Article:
As pointed out, it really doesn't matter what you have.  It matters what is in the 8,000 acres around the bees.  As already stated, around 20 seems to work well in most places, but location is everything.  Some places can't support two.  Some can support a hundred.  So it's really only a ball park figure.  If you increase hives over time and see the bees productivity dropping, and drought or other things don't seem to be to blame, you've probably saturated the area.

http://www.bushfarms.com/beesfaqs.htm#howmanyhives


That makes a lot of sense and is what I've decided to pursue.  If 40 hives are still cranking I may just leave well enough alone and start breaking nucs and splits off the hives from there.  Warning - hobby outta control!    Wink
Another point to consider is:  how many other beek's colonies are in the forage area?  I've never seen any other hives near here and don't know of any through the various sources (local beek club, farmer's and local markets, aerial surveillance, etc.,.).  One might have an excellent locale but if there are many other beeks nearby, that would factor in (depending on how close & if shared nectar source).

Dane, I remember you posting that you wanted to increase your hive numbers, and that you have done!!!  YEah!!!! Good for you.  I think that you will have so much honey (and those beautiful pictures of your pollen still have me with my mouth hangin' open) that you won't know what to do with it!!  Hee, hee.  I would suggest getting into mead making and selling it on the sly, hee, hee.  You gonna have lots of that golden sunshine comin' your way.  You have the perfect environment, with all that wetland area that you enjoy.  Beautiful, wonderful, what more can ya say.  Have the best of this wonderful day, Cindi


I done did it huh Cindi?  heh - and I may split about 10 hives, depending on how spring goes.  Speaking of which, I really hope we get plenty of sunny warm.  It's been a wild ride so far this spring... 85F in the shade a few days ago, a little hail storm yesterday and 33F this morning (50F high forecast  rolleyes).  I made an improvement down on the bee-deck too (where the other 1/2 of the colonies are located).  Check out my new "honey-house" (30' yurt):
  cool
I'm really wanting to hit the wetlands blackberry flow this year.  People here (including myself, lol) just love that honey (& I'm down to my last little bit that I squirreled away  tongue).

Wishing everyone an excellent season,
Dane
Logged

DayValleyDahlias
Super Bee
*****
Offline Offline

Gender: Female
Posts: 1629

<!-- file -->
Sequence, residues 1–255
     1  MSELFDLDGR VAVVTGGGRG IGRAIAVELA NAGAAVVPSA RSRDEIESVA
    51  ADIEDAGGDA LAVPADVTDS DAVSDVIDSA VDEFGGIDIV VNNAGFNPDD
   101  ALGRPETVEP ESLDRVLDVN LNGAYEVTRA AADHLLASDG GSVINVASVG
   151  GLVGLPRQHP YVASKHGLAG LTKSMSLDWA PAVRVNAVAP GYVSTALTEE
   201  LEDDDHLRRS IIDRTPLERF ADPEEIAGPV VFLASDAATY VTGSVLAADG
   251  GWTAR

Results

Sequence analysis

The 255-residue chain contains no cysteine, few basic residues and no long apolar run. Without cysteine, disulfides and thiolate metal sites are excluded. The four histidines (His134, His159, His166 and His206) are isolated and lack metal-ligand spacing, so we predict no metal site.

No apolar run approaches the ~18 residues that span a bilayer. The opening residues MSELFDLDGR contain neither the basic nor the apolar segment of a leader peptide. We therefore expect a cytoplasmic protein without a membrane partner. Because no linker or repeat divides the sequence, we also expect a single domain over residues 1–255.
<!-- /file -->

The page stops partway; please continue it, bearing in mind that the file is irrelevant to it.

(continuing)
Location: Aptos, California


WWW
« Reply #15 on: April 15, 2008, 12:19:08 PM »

WOW!  That is bee paradise!
Logged


<img src="[url]http://banners.wunderground.com/weathersticker/miniWeather2_both_cond/language/www/US/CA/Aptos.gif
" border=0
alt="Click for Aptos, California Forecast" height=50 width=150>[/url]

"Become vegetarian/vegan, and no one gets hurt"
CBEE
House Bee
**
Offline Offline

Gender: Male
Posts: 343

Location: Northern Kentucky


« Reply #16 on: April 16, 2008, 09:15:00 AM »

Dandelions are in full tilt here but it's odd my bees seem to be paying no attention to them. Must be hitting something else. Plenty of pear and dogwood for them
Logged
Cindi
Galactic Bee
******
Offline Offline

Gender: Female
Posts: 9827

Location: Grindrod, B.C. Canada


« Reply #17 on: April 16, 2008, 09:18:25 AM »

CBEE.  Dandelions are coming into bloom here and will be blooming for a long time yet.  I honestly have never seen a bee on any of my dandelions too, there must be better sources.  So when I hear of how wonderful that dandelions are for the bees, that makes me say,  huh  Beautiful and most wonderfullest day, Cindi
Logged

There are strange things done in the midnight sun by the men who moil for gold.  The Arctic trails have their secret tales that would make your blood run cold.  The Northern Lights have seen queer sights, but the queerest they ever did see, what the night on the marge of Lake Lebarge, I cremated Sam McGee.  Robert Service
annette
Galactic Bee
******
Offline Offline

Gender: Female
Posts: 5314


Location: Placerville, California


« Reply #18 on: April 16, 2008, 12:15:33 PM »

Dane

I have a new background photo thanks to your wonderful pics. I used the first one you posted. Just Beautiful

Annette
Logged
Bennettoid
House Bee
**
Offline Offline

Gender: Male
Posts: 352


Location: Ocean City, Maryland, USA


« Reply #19 on: April 16, 2008, 08:38:44 PM »

HEY!!

How about some close ups of the Hottie on the Deck!!!
Logged

Pages: [1] 2  All   Go Up
  Print  
 
Jump to:  

Beemaster's Beekeeping Ring
Previous | Home | Join | Random | Next
Powered by MySQL Powered by PHP Powered by SMF 1.1.20 | SMF © 2013, Simple Machines | Sitemap Valid XHTML 1.0! Valid CSS!
Page created in 1.166 seconds with 22 queries.

Google visited last this page November 19, 2014, 08:51:59 PM